(296a) A Biophysical Outlook of Viral Inactivation with Arginine and Common Buffers in Biologics Manufacturing

Authors: 
Joshi, P. U. - Presenter, Michigan Technological University
Meingast, C., Michigan Technological U
Xu, X., Bristol-Myers Squibb
Holstein, M., Bristol-Myers Squibb
Feroz, H., Bristol-Myers Squibb
Ranjan, S., Bristol-Myers Squibb
Ghose, S., Bristol-Myers Squibb
Heldt, C., Michigan Technological University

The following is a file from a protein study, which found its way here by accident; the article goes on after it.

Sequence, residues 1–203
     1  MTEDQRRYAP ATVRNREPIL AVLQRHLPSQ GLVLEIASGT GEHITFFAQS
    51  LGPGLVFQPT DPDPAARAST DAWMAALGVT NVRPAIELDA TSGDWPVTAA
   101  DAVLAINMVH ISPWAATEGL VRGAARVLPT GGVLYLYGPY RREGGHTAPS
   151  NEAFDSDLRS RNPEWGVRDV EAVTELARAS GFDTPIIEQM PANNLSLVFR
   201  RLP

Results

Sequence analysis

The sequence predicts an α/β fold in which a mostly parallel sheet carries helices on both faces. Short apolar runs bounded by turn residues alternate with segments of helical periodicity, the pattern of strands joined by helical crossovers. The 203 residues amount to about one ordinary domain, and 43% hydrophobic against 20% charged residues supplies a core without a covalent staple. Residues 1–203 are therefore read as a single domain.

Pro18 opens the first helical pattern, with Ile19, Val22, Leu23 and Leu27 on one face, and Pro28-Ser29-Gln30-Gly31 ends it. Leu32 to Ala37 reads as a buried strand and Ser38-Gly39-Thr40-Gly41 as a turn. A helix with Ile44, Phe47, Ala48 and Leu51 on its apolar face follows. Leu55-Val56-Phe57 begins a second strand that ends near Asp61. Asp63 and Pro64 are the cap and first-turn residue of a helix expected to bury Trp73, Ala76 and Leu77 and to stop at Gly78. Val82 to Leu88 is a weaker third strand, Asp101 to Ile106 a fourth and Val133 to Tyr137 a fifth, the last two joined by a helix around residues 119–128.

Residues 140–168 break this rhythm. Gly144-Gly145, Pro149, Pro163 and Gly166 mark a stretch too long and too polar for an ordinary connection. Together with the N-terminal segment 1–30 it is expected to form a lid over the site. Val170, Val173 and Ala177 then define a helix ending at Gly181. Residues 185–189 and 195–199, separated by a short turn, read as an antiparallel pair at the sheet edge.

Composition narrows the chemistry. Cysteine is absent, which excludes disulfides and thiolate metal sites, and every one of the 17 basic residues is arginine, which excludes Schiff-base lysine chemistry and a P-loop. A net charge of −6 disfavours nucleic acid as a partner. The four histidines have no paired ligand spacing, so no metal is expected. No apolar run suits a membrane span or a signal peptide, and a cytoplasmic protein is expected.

A need for robust virus inactivation processes and environmentally friendly materials had prompted an exploration of innovative and alternate strategies in biologics manufacturing. A common detergent, Triton X-100, often relied on for inactivation of enveloped viruses, is on the edge of disbarment due to its detrimental effect on the environment. In this interest, two inactivation methods based on arginine and commonly used buffers were explored. Past studies have shown arginine to inactivate certain viruses under various conditions. However, the optimal conditions and mechanisms for fully inactivating all enveloped viruses by arginine is not known. For this reason, we tested a matrix of parameters such as pH, incubation time and buffer type to discern an optimal condition for inactivation of all enveloped viruses. Our results demonstrated that larger viruses - herpes simplex virus (HSV-1) and pseudorabies virus (SuHV-1) were effectively inactivated with > 4 LRV as compared to the smaller sized viruses - bovine viral diarrhea virus (BVDV) and equine arteritis virus (EAV). However, the optimal conditions resulted in different inactivation values between the similar herpes family viruses, HSV-1 and SuHV-1. Mechanistic understanding is being derived from the study of mechanical properties, virus-host interaction, and changes in the virus membrane. The second study explored the efficiency of commonly used buffers in the downstream train. Various buffers such as glycine, acetate, and citrate at pH 4 were explored to determine the inactivation efficacy of the above-mentioned viruses. A similar trend of inactivation based on virus size was observed for all the buffers. The efficiency of the buffers considering both the composition and incubation time was in the order of glycine < acetate ≤ citrate. Overall, this work directs towards the trend in phasing out Triton X-100 inactivation of enveloped viruses during biologics manufacturing and effects of commonly used buffers in the biologic and viral DSP.